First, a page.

HSN Anticipates 1,500-Channel World
Ray Allegrezza -- Furniture Today, January 24, 2005
New York — The eventuality of viewers/shoppers having 1,500 channels to choose from on their satellite-fed television sets will reshape the competitive landscape for companies like HSN and QVC.
HSN CEO Thomas McInerney said that while the explosion of channels will provide more real estate for competitors, it will also make that real estate “a little less valuable.”
He also noted the difficulties of attracting shoppers to a new service that, for example, fell on channel 232. “How do you drive people to channel 232?” he asked.
McInerney said channels like HSN would have an advantage over any newly launched competitors, as established networks would be able to drive traffic to any secondary offering through a portal-type arrangement.
HSN, he said, is working to innovate at all times. For example, he noted that the company is currently testing the ability for viewers to make purchases with their television remote controls, rather than having to pick up the phone and place an order. Also, HSN, he said, would like to get better at offering customers different ways to view information on the Internet. For example, he said that it would be valuable to offer consumers shorter, bullet-type presentations as an alternative to full-length product demos.
The company, McInerney said, is on the lookout for acquisitions that fit its needs. However, he stressed that HSN is a patient company, having made only one acquisition in the past two years.
HSN, he continued, is a true retail operation and should not be confused with an entertainment company. This being the case, McInerney said that while broadcasting people are needed to keep things running, the backbone skill is merchandising. “We need great merchants because we have a finite amount of shelf space on television,” he said. “We are on 24 hours a day and 365 days a year, and we can't get any more time than that.”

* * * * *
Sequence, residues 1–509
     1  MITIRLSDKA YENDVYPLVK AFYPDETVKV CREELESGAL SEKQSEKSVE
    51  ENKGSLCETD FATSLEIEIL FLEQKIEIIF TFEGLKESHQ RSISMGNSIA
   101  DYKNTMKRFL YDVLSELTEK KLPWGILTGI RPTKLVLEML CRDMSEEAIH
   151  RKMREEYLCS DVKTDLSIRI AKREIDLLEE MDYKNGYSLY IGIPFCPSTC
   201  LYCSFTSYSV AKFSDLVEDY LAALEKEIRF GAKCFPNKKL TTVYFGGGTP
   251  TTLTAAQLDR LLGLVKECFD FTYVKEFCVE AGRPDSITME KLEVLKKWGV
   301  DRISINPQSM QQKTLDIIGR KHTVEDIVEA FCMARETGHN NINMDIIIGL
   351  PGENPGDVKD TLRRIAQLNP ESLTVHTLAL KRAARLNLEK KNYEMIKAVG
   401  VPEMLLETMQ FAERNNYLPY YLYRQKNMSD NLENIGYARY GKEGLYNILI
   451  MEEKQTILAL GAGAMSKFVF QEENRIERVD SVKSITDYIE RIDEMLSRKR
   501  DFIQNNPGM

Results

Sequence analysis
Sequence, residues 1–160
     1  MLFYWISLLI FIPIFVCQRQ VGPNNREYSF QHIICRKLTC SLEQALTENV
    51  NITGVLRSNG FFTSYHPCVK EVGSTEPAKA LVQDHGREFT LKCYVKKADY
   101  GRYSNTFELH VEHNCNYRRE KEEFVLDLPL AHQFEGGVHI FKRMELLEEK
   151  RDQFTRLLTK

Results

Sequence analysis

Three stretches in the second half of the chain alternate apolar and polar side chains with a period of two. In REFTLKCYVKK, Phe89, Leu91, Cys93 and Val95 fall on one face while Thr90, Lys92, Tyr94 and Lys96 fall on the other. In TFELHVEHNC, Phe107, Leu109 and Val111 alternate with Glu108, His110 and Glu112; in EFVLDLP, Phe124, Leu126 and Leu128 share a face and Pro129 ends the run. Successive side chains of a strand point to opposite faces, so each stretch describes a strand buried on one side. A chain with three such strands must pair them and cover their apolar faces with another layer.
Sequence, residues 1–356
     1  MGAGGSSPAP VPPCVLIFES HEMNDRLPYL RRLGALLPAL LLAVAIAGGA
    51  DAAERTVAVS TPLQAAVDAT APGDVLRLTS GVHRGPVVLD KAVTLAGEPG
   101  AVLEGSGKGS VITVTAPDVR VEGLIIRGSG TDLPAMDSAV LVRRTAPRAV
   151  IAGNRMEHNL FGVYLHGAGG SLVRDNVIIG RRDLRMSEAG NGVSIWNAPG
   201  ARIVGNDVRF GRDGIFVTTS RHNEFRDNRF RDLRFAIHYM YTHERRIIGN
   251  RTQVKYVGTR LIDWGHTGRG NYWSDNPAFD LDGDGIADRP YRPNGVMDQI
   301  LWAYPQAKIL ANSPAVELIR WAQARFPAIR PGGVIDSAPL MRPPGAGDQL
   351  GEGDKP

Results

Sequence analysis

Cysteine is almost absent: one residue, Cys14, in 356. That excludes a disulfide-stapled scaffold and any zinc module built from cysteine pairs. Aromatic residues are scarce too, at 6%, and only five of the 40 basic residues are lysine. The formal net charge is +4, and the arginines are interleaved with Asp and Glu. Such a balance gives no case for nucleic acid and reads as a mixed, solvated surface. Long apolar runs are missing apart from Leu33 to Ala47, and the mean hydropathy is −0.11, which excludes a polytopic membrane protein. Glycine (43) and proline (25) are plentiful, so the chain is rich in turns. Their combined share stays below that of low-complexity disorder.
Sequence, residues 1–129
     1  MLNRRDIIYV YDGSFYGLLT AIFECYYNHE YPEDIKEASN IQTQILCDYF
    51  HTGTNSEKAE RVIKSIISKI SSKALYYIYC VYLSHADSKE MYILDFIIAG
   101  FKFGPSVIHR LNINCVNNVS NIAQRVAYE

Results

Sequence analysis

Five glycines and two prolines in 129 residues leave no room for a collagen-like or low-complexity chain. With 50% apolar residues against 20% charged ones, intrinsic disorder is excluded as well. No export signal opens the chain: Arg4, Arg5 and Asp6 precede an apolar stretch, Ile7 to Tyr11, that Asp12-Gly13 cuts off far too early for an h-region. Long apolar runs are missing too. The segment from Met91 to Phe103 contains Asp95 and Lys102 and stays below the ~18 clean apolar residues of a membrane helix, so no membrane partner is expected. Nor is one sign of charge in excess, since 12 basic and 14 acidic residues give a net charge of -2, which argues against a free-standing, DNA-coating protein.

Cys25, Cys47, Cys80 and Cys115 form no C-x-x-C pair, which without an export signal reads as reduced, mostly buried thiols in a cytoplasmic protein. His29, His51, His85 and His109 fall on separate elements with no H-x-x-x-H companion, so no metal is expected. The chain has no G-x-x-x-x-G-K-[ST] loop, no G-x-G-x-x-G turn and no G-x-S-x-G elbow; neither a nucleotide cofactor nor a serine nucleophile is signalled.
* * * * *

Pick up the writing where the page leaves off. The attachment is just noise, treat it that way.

A finite amount of time means each product must either be exclusive or offered at a great value. If not, customers will just pick it up at a store on their way home from work, he said.
Deciding which products will go on air, McInerney said, is more an art than a science. “It comes down to good old-fashioned merchandising. We will use a six- to eight-minute presentation for most things or a 20-minute presentation for something more technical, but there is no way to predict how it will sell.”
Vendors, he said, don't usually purchase the airtime but rather HSN buys inventory that it must then move out the door just like any other retailer. He did say, however, that for a highly technical product making its debut, “We will work out an arrangement with the vendor where we share the risk.”
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